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Boulder City gearing up for new school year

Monday, Aug. 7, 2023. Some kids are dreading it, some parents are looking forward to it … but in my opinion, everyone should be aware of it. That is the first day of the 2023-2024 school year for the Clark County School District (CCSD)/Boulder City schools.

Back to school is more than buying new clothes and school supplies. I’m asking that we all make sure the kids and adults are ready.


In Boulder City, an estimated 350 to 400 students travel through school zones every school day. Children will be walking, biking, skateboarding and scootering to school.

Parents can help by giving their children tips on how to be safe during this school season. Parents should practice walking their kids to school, make sure they use crosswalks when available, have them wear brightly colored or reflective clothing, and have them refrain from using electronic devices while walking.


If you are driving on a school day, be sure you are paying close attention to where you are and how you drive when children are present. The speed limit in school zones is 15 miles per hour and strictly enforced by police.

Making a U-turn in a school zone is against the law. Boulder City is fortunate to have many great crossing guards. Please be courteous and pay attention when you see them. Drivers who fail to stop for a school crossing guard’s signal could face up to six years in prison and a $5,000 fine.


One in four middle school students have been bullied on school property, and one in three report cyberbullying, according to the CDC. This behavior not only has negative impacts on all the victims, but also witnesses. Most bullying occurs when adults are not around.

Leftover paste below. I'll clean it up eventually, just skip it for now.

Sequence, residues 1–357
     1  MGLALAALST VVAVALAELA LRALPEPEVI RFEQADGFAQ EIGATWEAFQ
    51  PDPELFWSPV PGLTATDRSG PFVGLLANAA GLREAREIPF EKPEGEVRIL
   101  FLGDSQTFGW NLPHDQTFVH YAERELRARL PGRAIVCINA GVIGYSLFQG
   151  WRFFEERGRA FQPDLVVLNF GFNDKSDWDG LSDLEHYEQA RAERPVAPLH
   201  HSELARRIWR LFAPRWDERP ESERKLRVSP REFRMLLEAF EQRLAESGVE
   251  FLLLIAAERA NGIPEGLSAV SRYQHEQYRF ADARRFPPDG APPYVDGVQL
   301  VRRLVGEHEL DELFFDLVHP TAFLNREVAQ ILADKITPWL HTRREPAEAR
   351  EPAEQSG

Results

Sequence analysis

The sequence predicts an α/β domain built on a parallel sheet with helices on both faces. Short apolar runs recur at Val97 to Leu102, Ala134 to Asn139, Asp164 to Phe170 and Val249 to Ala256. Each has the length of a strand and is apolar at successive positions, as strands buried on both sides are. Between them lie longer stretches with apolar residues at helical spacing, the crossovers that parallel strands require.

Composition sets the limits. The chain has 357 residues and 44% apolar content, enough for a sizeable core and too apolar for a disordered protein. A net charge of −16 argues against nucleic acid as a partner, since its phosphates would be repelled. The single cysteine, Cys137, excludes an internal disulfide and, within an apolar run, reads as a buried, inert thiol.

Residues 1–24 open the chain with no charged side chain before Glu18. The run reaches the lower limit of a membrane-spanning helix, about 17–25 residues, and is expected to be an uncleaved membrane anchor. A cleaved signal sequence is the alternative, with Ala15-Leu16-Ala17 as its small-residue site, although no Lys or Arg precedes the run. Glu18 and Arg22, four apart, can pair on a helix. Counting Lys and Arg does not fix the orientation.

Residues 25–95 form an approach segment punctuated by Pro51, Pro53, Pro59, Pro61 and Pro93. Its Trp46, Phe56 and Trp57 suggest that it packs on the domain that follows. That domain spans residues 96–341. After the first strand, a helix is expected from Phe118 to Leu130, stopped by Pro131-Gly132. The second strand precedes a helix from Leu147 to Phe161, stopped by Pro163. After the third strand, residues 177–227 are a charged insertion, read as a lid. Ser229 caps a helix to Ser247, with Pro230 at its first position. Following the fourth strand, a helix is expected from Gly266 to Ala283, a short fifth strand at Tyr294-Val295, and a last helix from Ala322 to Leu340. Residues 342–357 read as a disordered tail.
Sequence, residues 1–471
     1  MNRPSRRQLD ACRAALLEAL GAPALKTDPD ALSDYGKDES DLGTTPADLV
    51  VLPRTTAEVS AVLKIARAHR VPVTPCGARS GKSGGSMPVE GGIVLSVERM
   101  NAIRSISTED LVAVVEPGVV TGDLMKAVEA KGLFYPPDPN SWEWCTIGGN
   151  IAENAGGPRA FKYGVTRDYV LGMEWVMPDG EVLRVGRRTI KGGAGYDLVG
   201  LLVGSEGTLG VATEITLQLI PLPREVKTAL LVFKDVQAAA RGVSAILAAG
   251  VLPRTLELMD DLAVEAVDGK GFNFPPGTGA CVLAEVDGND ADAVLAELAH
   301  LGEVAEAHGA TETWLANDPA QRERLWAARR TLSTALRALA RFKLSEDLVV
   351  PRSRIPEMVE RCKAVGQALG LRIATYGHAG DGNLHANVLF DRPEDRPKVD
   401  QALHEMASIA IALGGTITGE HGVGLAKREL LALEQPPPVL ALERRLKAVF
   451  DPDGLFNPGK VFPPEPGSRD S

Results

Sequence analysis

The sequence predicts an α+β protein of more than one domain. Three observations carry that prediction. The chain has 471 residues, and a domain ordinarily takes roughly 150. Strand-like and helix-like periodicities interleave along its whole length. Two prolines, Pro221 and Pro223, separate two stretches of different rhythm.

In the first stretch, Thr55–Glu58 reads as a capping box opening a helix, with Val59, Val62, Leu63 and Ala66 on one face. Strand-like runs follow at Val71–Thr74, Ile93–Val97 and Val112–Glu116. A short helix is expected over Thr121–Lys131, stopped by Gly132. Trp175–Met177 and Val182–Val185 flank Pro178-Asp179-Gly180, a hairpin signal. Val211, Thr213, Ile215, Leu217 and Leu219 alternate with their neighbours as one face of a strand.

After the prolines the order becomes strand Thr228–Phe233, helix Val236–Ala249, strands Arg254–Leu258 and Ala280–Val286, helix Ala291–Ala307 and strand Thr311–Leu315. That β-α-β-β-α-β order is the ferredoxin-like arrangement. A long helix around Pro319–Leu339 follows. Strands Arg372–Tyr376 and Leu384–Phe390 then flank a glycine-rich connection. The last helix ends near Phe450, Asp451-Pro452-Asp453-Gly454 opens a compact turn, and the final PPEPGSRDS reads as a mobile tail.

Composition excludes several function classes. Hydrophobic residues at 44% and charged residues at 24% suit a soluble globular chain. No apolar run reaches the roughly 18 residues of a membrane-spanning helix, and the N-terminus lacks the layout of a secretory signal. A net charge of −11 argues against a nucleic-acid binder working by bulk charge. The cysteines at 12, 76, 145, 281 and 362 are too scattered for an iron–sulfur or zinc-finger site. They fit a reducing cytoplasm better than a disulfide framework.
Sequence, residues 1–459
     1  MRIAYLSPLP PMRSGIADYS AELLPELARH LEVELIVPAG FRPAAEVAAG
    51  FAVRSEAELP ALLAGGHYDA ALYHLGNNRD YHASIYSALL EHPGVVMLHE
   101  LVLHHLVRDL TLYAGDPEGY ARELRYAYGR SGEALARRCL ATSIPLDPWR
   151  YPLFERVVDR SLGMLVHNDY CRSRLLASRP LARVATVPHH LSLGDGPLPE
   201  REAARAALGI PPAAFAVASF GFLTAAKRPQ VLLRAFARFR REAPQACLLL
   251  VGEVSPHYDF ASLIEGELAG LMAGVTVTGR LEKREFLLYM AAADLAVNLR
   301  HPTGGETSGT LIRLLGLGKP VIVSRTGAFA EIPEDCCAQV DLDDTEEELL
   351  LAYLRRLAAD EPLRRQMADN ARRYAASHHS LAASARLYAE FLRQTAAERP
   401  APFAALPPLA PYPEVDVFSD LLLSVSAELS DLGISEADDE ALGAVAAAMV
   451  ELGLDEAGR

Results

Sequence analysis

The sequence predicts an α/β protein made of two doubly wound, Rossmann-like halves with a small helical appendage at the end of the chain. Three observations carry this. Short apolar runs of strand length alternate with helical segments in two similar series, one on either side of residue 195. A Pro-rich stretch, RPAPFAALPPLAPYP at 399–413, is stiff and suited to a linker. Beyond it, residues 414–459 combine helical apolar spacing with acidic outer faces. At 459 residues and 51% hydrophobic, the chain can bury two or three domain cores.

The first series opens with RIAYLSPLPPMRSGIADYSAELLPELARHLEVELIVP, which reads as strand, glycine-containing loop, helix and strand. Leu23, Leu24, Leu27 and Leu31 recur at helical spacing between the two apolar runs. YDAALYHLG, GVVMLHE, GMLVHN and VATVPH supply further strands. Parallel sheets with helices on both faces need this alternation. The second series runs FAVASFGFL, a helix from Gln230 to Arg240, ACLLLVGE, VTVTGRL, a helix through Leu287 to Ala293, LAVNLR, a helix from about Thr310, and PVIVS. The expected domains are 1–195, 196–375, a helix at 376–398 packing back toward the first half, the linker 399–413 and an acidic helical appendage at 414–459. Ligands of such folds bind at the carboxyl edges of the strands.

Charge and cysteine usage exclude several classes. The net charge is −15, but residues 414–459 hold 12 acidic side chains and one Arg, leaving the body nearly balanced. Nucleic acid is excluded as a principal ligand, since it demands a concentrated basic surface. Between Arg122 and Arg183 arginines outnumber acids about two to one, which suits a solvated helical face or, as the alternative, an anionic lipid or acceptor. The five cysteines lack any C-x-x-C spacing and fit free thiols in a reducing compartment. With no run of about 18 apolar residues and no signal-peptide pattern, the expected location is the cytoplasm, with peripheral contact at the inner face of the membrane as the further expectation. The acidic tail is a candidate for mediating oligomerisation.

Bullying can increase a child’s anxiety and/or depression, leading to emotional or social distress, self-harm or thoughts of suicide. Those who bully others are also at elevated risk for mental health and behavioral problems.

Talk to your children about respecting others, as well as how to react to bullies.

Let teachers and administrators know if you believe your child or their classmate is being bullied. One great resource is www.stopbullying.gov – with tips on how to talk to your child.


As a physician in the 1970’s and 1980’s, I treated countless cases of chicken pox. In 1995, widespread availability of a vaccine against chicken pox became available. Over the next decade, the number of cases in the U.S. dropped significantly. Vaccinations are a quick, effective way to protect your children from many illnesses. Students enrolling in

CCSD must show proof of vaccination for chicken pox (varicella), hepatitis A and B, polio, tetanus-diphtheria-pertussis (DTaP and Tdap), quadrivalent meningitis, and measles-mumps-rubella (MMR). Talk to your child’s health care provider about other options for vaccines every year.


Those around the kids should also take time to make sure their immunizations are up to date. For example, a CDC Panel now recommends Respiratory Syncytial Virus (RSV) vaccines for people ages 60 years and older. RSV often shows up like a common cold in healthy children, but it can have a devastating impact on older adults, those with compromised immune systems, adults with chronic heart or lung disease, and those living in nursing homes or long-term care facilities.

New vaccines are expected to be available this fall, when viruses and infections tend to circulate at a higher rate. Patients should talk to their health care provider about what vaccines they should consider, especially if they spend many hours around children and young adults.

I hope this school year is happy and healthy for all of Boulder City’s children, teachers, faculty and parents!

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